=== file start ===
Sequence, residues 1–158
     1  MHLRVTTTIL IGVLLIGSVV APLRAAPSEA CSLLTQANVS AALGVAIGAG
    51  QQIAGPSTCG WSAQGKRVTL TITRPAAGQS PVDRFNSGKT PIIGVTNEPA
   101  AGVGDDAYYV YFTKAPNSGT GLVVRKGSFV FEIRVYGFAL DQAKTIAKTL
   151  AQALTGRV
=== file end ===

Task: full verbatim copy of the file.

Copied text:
Sequence, residues 1–158
     1  MHLRVTTTIL IGVLLIGSVV APLRAAPSEA CSLLTQANVS AALGVAIGAG
    51  QQIAGPSTCG WSAQGKRVTL TITRPAAGQS PVDRFNSGKT PIIGVTNEPA
   101  AGVGDDAYYV YFTKAPNSGT GLVVRKGSFV FEIRVYGFAL DQAKTIAKTL
   151  AQALTGRV